The study of language is shared by a number of fields, including linguistics, psychology, and neurobiology. While the methods employed by these domains may overlap, they differ in the focus of their scientific inquiry, and the unique perspective of each may inform investigation within the others. We conceptualize this relationship in the context of David Marr’s information processing theory, with neurobiology as the implementational level of language, and discuss the history of the neurobiology of language from early localizationist models to the present day. Decades of electrophysiological and anatomical studies of the macaque monkey support the existence of dual streams for the processing of auditory information. More recent neuroimaging studies suggest that these streams are also present in humans, subserving speech perception and language comprehension. The development of high resolution brain imaging methods and brain stimulation has advanced our ability to study, in vivo , the structures and processes underlying the language network. For those linguists interested in studying language with consideration of the system that implements it, theories and concepts may now be meaningfully informed by neurobiology.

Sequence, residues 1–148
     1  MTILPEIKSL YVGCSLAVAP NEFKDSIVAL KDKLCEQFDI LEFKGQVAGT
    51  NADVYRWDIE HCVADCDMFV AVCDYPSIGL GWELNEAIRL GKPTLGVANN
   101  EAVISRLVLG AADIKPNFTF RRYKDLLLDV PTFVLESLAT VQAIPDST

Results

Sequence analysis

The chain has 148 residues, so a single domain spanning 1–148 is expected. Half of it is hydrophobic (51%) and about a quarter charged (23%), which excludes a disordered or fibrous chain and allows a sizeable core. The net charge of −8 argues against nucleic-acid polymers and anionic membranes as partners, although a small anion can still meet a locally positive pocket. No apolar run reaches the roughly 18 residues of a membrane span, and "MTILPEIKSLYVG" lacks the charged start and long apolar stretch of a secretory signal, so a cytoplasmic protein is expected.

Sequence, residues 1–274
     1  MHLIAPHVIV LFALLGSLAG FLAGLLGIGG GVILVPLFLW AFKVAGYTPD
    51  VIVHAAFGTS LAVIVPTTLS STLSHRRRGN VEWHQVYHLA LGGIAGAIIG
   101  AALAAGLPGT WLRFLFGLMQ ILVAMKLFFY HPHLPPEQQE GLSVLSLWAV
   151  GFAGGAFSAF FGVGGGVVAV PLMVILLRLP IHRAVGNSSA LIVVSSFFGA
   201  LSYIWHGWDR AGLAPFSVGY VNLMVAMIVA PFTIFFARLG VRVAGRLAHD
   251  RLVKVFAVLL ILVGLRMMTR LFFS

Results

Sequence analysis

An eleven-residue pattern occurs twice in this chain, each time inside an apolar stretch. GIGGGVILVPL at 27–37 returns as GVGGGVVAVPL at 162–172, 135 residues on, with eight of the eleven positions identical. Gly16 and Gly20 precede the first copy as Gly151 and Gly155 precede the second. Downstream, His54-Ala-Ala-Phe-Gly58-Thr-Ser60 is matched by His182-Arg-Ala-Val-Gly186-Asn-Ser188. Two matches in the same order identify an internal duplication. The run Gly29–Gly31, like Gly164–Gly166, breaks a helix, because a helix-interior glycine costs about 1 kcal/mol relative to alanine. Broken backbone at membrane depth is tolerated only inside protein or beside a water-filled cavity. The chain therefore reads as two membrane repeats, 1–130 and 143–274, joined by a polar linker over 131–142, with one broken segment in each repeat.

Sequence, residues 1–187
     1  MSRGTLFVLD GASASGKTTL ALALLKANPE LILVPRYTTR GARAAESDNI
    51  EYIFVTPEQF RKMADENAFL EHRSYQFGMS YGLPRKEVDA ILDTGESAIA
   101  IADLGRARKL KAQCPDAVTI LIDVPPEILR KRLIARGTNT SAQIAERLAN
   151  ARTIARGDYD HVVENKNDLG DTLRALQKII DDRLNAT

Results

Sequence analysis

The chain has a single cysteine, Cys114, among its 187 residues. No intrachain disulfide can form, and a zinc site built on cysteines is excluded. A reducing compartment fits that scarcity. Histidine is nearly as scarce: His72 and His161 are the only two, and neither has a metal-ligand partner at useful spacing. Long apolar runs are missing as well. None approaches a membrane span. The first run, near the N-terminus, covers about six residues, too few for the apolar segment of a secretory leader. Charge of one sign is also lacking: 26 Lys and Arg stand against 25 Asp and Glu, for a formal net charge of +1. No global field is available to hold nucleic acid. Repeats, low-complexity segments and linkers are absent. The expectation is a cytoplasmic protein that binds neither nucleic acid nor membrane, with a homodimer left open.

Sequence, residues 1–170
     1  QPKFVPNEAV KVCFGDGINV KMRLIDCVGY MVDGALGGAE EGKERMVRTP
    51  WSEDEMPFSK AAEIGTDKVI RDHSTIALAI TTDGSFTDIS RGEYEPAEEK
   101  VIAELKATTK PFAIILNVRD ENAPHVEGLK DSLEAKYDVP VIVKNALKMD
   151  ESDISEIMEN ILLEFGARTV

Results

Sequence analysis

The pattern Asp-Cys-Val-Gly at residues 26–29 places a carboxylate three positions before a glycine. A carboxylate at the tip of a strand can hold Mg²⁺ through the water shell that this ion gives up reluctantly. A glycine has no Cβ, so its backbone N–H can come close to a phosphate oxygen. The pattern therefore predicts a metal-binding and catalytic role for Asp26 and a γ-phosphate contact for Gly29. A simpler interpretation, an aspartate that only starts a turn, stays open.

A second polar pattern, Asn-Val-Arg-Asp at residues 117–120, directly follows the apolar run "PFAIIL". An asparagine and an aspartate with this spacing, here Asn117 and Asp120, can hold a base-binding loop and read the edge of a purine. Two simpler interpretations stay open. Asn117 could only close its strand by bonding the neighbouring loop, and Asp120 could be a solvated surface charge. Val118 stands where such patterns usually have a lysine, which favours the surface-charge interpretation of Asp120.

Duncan, E. S., Tune, S., & Small, S. L. (2016). The neurobiology of language: Relevance to linguistics. Yearbook of the Poznan Linguistic Meeting, 2(1), 49–66. https://doi.org/10.1515/yplm-2016-0003